Friday, March 17, 2006

Newspaper Monopoly

A Columbia Journalism Reveiw editorial misses the point. In making the argument that years of monopoly underminded newspapers, they write: [Emphasis mine.]
Whether editors used it well or wasted it, the golden age of monopoly is gone. Newspapers are in competition with everything now, and they have fewer troops to deploy. Editors know this. But it’s not yet clear at some papers that they know it deeply enough to try to lift those troops to levels of creativity that this loss of a news monopoly requires, to help time-pressed reporters make sharper choices, and to remind them over and over that they have qualities that few bloggers or radio jabbermouths or cable talkers come close to supplying: a visceral knowledge of the turf and an ability to report deeply and write with both voice and authority, given time and a little encouragement.
The idiocy of that argument is that journalists where chosen, pre-selected, and the preferred hires for their lack of creativity, for their lack of daring, for their very willingness to write for, and conform to, a newspaper culture that is indistinguishable from the Liberal ideology.

(In fact, it's debatable whether newspaper culture IS the liberal ideology. )

So to ask those "troops" now to be lifted to "levels of creativity" is to deny that the purpose of diversified newsrooms intended -- that hiring be based on lack of excellence. They were hired for loyalty. Not genius, not writing skills, not imagination, not depth of experience. How do you take a college grad with a degree in journalism and teach him to "report deeply" when he has no life experiences and by, virtue of his employment, never will have. You don't. Newspapers never wanted that degree of free thinking or independence.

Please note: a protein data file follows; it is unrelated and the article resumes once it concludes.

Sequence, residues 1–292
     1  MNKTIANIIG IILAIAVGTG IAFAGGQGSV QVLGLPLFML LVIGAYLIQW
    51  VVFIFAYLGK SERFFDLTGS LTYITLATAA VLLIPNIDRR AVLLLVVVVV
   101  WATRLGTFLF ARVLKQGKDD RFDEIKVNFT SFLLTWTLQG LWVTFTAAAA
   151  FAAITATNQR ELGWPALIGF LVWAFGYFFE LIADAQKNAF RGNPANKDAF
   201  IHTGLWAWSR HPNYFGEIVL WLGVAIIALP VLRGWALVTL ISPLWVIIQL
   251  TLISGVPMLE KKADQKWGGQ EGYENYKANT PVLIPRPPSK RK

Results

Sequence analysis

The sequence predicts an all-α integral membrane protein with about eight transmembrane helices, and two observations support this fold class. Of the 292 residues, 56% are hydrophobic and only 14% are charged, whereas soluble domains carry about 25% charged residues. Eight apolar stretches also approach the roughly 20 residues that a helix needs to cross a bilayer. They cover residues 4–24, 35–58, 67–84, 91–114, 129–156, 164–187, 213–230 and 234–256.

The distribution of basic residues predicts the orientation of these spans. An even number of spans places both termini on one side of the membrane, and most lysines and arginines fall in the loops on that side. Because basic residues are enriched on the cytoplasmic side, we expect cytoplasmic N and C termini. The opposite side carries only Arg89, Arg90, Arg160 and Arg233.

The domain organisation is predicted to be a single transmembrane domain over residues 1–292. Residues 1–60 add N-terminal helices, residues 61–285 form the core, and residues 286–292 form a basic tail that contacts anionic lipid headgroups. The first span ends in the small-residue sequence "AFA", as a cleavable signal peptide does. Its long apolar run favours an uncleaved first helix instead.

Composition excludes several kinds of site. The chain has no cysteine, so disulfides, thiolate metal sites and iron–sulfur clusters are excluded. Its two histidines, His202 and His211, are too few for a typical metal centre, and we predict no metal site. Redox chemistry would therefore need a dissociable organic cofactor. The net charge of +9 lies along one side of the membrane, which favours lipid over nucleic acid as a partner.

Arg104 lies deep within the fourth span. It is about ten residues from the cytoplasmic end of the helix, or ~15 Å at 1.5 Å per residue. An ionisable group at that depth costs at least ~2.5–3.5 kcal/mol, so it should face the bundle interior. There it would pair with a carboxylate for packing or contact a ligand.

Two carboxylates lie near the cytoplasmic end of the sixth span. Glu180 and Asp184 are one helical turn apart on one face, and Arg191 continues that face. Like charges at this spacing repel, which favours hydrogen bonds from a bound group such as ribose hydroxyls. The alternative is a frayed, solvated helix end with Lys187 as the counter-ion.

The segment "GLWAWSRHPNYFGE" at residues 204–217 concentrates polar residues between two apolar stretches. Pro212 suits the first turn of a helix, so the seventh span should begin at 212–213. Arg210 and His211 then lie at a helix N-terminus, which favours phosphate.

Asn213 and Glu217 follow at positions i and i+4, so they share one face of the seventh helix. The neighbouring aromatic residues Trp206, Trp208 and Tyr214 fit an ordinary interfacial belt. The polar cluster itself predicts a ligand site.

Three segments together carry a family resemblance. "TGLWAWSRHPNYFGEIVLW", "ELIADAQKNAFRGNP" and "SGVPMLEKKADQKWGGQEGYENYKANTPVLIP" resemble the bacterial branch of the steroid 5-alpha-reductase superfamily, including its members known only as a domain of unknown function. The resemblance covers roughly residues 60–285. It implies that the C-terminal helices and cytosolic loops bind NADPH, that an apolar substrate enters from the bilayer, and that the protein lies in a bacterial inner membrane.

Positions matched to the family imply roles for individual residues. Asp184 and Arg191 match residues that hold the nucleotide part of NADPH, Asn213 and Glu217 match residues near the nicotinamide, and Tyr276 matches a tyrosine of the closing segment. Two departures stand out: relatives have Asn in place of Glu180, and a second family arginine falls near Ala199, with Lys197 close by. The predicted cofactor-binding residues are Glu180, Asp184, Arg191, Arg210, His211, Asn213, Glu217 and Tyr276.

Journalists live in grey towers of ignorance that self-regard and egotism refuse to acknowledge. They are the brightest and the best because others tell them so. So how do you inject "authority" into someone who moved into the newsroom right after college, had no experiences in the workplace, lives separately from his fellow man?

You don't. That's why newspapers hire sophomoric morons right out of college. That's why they hope they remain sophomoric morons. The only creativity they were ever allowed in their careers was making up quotes and fabrications. The people who despise newsrooms the most are journalists who have a degree of intellect. But the morons rule.

Newspapers know this. The editorial reference to "troops" -- when the MSM regard "troops" as witless pawns -- is more telling than they know.

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